Yet another tradition is to eat at Otoya near to Sendai station. Here is Rosa, awesome woman of God who will be a member of the pioneer team. We amazingly meet two Christian ladies at the restaurant from the church we would be attending on Saturday evening.
Oh yeah! I got to eat, too!!!
Here is my flower for the morning!
Ayashi station. From here it is a twenty minute trainride into central Sendai, the biggest city in the Tohoku area. We had a beautiful day in which to prayer walk around this city where Gary is feeling they should begin their journey in the Tohoku region. Our first impression was a fairly quiet area, very green, open people and quite peaceful.
This is Mosese, a native of Fiji who joined us on our second prayer trip to Tohoku and is back again for this our final vision trip before we send out the team to pioneer the new location. Mosese and I were paired up for prayer today.
My eyes were caught be these awesome purple flowers so I took a quick break from the prayer time to capture this picture. I love it when I can find flowers in my favourite colour.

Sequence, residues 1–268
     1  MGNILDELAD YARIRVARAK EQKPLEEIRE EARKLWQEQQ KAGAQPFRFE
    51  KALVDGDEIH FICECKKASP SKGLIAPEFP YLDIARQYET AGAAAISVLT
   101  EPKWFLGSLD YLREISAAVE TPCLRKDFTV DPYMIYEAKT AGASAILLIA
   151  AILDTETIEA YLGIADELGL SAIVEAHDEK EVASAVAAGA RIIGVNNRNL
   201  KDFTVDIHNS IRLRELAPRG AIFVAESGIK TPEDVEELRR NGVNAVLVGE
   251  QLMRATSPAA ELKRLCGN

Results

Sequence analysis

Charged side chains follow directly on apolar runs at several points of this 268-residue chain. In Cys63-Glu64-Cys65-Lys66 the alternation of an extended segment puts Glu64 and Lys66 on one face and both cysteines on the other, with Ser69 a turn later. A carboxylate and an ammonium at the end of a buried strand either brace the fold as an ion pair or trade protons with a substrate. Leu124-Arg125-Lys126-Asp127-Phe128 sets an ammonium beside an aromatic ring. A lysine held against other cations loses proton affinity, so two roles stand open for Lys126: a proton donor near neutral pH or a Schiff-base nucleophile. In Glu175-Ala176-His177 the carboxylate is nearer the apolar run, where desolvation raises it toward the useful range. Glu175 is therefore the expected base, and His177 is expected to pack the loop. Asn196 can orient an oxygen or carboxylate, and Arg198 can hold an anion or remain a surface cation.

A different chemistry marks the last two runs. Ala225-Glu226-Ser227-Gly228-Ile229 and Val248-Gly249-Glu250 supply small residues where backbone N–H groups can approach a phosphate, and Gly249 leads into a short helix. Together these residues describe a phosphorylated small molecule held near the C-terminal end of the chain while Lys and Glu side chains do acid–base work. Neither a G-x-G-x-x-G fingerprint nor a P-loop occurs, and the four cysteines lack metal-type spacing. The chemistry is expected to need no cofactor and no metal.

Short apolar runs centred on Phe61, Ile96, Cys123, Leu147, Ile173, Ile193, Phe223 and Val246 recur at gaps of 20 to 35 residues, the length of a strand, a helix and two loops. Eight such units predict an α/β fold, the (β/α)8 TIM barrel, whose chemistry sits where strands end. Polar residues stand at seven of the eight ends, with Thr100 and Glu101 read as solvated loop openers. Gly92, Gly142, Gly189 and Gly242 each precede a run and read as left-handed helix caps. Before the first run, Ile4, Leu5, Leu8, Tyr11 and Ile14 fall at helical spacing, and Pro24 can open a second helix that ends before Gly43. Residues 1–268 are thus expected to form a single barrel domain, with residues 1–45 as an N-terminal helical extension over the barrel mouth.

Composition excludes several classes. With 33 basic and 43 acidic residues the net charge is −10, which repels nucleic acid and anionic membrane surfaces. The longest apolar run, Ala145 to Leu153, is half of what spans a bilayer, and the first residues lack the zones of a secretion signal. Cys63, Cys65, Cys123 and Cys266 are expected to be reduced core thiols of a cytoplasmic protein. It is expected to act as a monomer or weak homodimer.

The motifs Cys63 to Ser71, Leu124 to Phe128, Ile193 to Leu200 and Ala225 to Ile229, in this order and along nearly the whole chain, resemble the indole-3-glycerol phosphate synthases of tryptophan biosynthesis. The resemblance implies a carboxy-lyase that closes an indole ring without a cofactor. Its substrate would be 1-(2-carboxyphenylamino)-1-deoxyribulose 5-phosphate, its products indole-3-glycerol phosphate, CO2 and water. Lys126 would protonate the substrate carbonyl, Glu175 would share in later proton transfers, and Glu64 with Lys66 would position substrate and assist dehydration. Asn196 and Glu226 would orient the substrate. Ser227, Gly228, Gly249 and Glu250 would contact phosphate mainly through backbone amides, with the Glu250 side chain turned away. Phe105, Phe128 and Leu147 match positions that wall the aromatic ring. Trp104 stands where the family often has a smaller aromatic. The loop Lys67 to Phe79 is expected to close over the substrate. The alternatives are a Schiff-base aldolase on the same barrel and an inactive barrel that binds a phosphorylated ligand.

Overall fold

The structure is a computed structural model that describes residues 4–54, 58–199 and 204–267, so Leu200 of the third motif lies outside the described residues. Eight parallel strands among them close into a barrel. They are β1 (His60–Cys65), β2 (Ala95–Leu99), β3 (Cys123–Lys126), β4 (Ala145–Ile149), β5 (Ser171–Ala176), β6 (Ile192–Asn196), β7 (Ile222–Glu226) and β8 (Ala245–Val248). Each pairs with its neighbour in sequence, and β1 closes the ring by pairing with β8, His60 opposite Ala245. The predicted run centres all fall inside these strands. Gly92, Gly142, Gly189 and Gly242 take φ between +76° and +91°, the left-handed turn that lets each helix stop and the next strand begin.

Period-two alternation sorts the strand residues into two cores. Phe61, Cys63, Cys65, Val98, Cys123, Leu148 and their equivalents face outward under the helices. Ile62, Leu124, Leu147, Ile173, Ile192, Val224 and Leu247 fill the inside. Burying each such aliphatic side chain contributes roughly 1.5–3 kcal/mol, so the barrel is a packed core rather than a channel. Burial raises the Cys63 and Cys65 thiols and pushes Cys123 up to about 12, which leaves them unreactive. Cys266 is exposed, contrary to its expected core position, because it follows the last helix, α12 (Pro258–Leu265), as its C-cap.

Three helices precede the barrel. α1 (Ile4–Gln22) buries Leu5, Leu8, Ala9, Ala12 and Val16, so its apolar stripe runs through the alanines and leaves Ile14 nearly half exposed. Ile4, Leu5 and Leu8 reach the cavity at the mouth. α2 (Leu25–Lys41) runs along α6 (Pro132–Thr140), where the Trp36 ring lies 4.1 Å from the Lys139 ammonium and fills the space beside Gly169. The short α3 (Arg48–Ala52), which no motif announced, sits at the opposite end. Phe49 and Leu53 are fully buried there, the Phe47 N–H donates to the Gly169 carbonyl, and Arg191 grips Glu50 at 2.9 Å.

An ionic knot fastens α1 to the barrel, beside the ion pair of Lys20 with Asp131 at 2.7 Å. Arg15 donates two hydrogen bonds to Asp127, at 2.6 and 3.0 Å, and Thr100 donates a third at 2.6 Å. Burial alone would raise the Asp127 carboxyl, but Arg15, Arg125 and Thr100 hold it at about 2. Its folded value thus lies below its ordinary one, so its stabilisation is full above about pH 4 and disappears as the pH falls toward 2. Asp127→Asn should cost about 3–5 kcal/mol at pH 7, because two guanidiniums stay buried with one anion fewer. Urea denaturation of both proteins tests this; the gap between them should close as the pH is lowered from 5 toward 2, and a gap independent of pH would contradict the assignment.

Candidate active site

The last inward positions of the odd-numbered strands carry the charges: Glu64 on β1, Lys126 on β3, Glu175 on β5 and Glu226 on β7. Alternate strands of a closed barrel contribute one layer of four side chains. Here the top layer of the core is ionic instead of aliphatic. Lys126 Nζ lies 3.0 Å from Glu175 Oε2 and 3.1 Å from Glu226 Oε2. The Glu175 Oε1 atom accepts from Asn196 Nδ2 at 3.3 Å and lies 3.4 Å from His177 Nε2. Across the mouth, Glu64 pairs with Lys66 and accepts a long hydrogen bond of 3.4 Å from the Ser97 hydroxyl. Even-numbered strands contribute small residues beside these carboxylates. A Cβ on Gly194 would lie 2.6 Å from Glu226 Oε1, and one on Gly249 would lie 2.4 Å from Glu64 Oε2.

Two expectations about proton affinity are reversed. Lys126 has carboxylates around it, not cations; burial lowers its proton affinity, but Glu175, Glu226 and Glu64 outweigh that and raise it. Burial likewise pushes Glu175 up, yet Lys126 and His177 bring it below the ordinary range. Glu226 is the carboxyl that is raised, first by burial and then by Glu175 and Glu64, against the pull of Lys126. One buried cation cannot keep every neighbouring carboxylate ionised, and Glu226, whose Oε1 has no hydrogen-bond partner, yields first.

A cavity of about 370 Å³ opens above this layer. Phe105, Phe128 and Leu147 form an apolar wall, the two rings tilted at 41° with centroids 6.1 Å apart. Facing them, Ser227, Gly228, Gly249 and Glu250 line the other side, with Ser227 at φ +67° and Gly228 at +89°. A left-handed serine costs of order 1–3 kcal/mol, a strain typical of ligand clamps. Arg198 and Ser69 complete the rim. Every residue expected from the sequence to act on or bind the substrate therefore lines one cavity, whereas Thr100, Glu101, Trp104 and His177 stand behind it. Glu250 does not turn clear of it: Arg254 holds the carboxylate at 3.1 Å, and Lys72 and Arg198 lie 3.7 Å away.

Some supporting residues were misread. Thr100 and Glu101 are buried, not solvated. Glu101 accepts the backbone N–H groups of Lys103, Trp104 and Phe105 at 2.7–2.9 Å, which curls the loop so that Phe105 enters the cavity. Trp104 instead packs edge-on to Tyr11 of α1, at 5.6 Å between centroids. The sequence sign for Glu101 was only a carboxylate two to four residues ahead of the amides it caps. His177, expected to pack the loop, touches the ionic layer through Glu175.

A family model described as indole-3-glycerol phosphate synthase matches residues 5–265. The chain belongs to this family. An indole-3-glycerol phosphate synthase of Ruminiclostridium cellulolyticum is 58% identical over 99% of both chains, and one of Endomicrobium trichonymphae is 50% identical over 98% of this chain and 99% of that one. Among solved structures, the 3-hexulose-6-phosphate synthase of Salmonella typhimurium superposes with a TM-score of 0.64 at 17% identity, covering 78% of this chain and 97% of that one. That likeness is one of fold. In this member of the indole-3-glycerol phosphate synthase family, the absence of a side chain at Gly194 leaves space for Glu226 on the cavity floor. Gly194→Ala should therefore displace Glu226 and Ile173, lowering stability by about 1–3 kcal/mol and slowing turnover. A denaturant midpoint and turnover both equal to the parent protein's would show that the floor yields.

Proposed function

Ayashi has many wonderful features. High up on the list however is that there is a McDonalds there. Not just an ordinary run of the mill McDonalds but a McCafe where they make a serious cappuccino. Here the nice sales lady is drawing a bunny on the protective sleeve of my drink.
On the drive up to Tohoku it has become a tradition to stop at the very first rest stop on the Tohoku expressway and take a team photo in front of the beautiful flowers laid out there especially for such occasions. A kind Japanese man took this photo for us so these are all the members of our team.
Another tradition we have always faithfully observed on these trips is to purchase a cup of coffee from the Excelsior coffee shop, especially to enable the driver to stay focused on the road. Laura and I took advantage of the extra big cups to keep us going. Laura is the official videographer for our final vision trip to Tohoku.
Of course, wherever I go I am looking for beautiful flowers. Today I found this Iris in the city of Ayashi. In Japanese Ayashi is written using two Kanjis and looks like this. 愛子 The first kanji means “Love” and the second one means “Child”